Nissan IDS concept, 2015 Tokyo Motor Show
The 2018 Nissan Leaf may be the brand's next electric vehicle to soak up attention, but several reports have indicated that Nissan plans to flesh out its lineup with an electric crossover.
That all-electric SUV will likely be previewed with a Vmotion 3.0 concept, which will follow the Vmotion 2.0 sedan concept shown at this year's Detroit auto show.
Vmotion is meant to capture three core pillars of technology at Nissan, it says: electrification, autonomous driving, and connectivity.
The Vmotion 3.0 concept will, obviously, weigh heavily on that first pillar—and may boast a 200-mile range.
"We are now working on 3.0 for the future direction," Nissan's executive design director, Mamoru Aoki, said to Automotive News (subscription required).
The new concept is said to take advantage of new styling opportunities merited by electric motors and batteries and will be the blueprint for Nissan's future electric offerings.
Nissan Vmotion 2.0 concept, 2017 Detroit auto show
"Why not try something new?" Alfonso Albaisa, Nissan global design chief, said. "In the future, we're not going to have just one EV. So we're starting to map out what is the DNA that can go across different genres."
Flat flooring, new aerodynamic shapes, and narrower, low-resistance tires are said to be potential experiments with Vmotion 3.0, according to Albaisa.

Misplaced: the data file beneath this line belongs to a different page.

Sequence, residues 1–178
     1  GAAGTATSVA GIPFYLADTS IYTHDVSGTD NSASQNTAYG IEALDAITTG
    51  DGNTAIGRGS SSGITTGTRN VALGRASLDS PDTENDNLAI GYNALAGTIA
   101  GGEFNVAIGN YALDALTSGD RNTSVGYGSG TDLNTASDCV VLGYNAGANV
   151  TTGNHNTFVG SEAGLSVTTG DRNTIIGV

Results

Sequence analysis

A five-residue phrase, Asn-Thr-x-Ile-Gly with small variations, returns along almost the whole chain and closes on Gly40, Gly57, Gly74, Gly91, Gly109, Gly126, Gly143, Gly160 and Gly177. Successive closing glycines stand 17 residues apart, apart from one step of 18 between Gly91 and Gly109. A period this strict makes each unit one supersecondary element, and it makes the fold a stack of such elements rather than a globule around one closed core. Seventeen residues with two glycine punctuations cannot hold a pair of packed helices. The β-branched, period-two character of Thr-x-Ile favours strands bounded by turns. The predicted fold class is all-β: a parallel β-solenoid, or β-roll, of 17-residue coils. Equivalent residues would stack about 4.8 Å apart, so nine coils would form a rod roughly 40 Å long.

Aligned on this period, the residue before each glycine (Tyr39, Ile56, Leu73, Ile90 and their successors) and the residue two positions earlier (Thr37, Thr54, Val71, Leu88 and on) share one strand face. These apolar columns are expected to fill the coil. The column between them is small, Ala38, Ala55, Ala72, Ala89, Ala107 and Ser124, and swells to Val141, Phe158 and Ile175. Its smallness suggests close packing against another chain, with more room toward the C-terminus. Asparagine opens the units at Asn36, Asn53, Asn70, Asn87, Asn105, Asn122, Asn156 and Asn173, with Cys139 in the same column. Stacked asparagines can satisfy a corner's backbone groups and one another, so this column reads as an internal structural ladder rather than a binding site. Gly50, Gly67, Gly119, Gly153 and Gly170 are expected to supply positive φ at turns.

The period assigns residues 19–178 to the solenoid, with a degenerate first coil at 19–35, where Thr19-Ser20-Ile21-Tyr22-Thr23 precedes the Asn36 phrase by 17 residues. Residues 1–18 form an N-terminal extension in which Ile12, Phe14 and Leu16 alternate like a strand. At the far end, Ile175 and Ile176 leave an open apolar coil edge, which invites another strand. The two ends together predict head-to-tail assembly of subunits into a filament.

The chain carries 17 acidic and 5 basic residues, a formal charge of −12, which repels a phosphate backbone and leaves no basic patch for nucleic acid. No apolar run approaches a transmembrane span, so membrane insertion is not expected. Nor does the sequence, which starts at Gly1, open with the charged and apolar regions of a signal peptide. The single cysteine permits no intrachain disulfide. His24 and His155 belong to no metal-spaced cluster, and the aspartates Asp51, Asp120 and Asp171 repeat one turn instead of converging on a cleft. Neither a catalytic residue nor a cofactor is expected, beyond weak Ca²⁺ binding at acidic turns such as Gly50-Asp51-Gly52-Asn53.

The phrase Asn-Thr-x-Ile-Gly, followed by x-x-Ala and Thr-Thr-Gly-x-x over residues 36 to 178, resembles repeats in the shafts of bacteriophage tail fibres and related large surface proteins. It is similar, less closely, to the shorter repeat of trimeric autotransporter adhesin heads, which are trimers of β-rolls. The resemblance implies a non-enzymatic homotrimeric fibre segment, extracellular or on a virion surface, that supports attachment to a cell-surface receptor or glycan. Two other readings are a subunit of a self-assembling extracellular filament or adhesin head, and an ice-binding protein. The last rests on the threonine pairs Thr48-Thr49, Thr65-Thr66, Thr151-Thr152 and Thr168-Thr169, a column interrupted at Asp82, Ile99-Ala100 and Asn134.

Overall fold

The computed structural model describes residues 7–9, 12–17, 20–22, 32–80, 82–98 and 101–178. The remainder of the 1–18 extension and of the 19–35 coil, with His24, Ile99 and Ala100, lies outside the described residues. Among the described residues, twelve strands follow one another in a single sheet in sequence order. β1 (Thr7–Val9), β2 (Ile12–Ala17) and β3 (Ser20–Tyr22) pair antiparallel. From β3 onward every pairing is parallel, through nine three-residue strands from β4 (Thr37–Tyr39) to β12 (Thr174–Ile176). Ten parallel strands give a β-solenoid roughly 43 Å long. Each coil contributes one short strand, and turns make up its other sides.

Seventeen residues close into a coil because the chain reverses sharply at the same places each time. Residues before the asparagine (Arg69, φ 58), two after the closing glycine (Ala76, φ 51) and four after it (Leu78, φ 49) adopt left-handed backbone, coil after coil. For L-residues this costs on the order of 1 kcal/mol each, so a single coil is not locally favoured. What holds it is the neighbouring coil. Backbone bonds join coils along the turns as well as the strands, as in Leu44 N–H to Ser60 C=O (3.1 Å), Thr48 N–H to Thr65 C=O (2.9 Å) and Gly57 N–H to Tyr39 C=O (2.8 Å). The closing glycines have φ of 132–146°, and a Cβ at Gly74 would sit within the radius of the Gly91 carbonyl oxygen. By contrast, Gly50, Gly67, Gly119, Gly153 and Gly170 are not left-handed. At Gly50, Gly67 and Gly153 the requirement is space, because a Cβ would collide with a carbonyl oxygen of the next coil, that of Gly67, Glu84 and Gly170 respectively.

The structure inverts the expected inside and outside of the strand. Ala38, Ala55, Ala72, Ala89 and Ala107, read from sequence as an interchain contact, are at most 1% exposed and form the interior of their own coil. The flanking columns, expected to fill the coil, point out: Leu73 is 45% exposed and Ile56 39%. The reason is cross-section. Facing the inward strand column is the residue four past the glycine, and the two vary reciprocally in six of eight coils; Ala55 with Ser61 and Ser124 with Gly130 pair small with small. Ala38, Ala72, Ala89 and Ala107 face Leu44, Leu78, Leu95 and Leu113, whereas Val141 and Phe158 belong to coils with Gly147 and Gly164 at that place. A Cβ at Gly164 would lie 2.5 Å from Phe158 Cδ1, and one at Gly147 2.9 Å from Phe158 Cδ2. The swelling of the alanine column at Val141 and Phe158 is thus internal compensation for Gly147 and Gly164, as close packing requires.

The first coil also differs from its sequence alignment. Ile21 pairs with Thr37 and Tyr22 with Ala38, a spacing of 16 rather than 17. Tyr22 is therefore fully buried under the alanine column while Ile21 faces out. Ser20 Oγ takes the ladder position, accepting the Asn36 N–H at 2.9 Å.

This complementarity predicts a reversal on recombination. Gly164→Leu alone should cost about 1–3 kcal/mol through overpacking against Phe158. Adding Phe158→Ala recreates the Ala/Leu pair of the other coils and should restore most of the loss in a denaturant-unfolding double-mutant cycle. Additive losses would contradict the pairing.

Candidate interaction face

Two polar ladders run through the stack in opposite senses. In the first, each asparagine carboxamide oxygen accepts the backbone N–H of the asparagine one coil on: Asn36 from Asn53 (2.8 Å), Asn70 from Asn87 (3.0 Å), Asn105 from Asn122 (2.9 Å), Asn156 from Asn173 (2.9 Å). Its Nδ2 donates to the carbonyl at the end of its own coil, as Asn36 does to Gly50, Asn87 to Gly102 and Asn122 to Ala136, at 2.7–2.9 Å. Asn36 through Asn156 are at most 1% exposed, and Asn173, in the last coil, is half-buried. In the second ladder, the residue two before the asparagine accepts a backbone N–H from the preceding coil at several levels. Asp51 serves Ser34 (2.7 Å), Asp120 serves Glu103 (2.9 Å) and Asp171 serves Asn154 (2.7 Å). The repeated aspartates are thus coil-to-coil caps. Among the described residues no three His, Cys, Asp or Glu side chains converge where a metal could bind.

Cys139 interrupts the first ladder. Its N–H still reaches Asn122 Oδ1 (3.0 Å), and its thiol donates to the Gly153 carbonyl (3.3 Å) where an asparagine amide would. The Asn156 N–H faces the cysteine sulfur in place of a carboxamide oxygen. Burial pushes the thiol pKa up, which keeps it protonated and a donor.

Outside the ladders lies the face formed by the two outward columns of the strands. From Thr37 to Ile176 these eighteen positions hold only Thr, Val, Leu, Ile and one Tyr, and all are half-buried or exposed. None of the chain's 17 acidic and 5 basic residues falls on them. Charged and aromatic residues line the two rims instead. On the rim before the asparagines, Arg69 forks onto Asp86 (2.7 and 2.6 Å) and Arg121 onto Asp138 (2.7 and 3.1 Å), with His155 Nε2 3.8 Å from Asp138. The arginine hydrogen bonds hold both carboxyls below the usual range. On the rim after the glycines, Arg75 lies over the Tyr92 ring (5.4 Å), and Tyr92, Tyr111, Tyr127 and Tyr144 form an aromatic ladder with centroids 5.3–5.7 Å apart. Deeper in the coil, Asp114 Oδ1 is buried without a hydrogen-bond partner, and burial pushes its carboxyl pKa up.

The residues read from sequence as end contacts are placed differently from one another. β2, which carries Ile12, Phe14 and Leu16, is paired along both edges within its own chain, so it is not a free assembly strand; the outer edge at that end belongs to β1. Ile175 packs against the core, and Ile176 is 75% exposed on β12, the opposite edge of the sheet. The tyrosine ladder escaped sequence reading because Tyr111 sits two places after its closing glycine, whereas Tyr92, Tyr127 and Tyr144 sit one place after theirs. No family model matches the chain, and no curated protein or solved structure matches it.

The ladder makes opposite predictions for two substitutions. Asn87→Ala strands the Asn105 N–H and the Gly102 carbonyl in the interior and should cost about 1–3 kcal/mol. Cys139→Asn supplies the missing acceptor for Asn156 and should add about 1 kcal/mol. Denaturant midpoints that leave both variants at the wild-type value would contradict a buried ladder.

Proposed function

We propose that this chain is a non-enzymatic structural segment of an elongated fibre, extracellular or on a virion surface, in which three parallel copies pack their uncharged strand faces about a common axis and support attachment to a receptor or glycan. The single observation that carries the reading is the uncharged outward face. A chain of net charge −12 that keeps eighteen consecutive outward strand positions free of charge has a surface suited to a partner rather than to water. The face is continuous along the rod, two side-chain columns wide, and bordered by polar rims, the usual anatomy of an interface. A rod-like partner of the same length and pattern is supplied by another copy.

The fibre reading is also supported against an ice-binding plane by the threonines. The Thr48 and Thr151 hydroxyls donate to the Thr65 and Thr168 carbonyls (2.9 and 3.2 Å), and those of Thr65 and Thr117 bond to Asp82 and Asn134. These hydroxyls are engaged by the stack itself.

Nissan went on to call the crossover segment part of its DNA—the Japanese automaker has also adjusted its sales forecast to include 60 percent of its sales volume from the hot crossover and SUV segment in the U.S.
"We are clearly focusing our attention on a crossover EV, because it's our DNA," he said. "The crossover will really embody the latest Nissan Intelligent Mobility features."
Part of its DNA? More like part of a healthy profit margin.
The electric crossover will follow the 2018 Leaf, which will debut this fall.
Teaser for 2018 Nissan Leaf debuting in 2017
The new Leaf will exhibit more pedestrian styling in an effort to move it away from a "science experiment" look—the current Leaf is decidedly bug-eyed.
Nissan won't be the only automaker to pursue electric crossovers, though.
Kia and Hyundai will likely introduce fully electric variants of their Stonic and Kona compact crossovers, respectively, in the near future as well.
At present, Chevrolet also markets the 2017 Bolt EV as a crossover, despite the fact that it doesn't offer all-wheel drive.
No matter the configuration, the Bolt EV has set the bar for affordable electric cars with a 238-mile range.
Nissan and others will have their work cut out for them.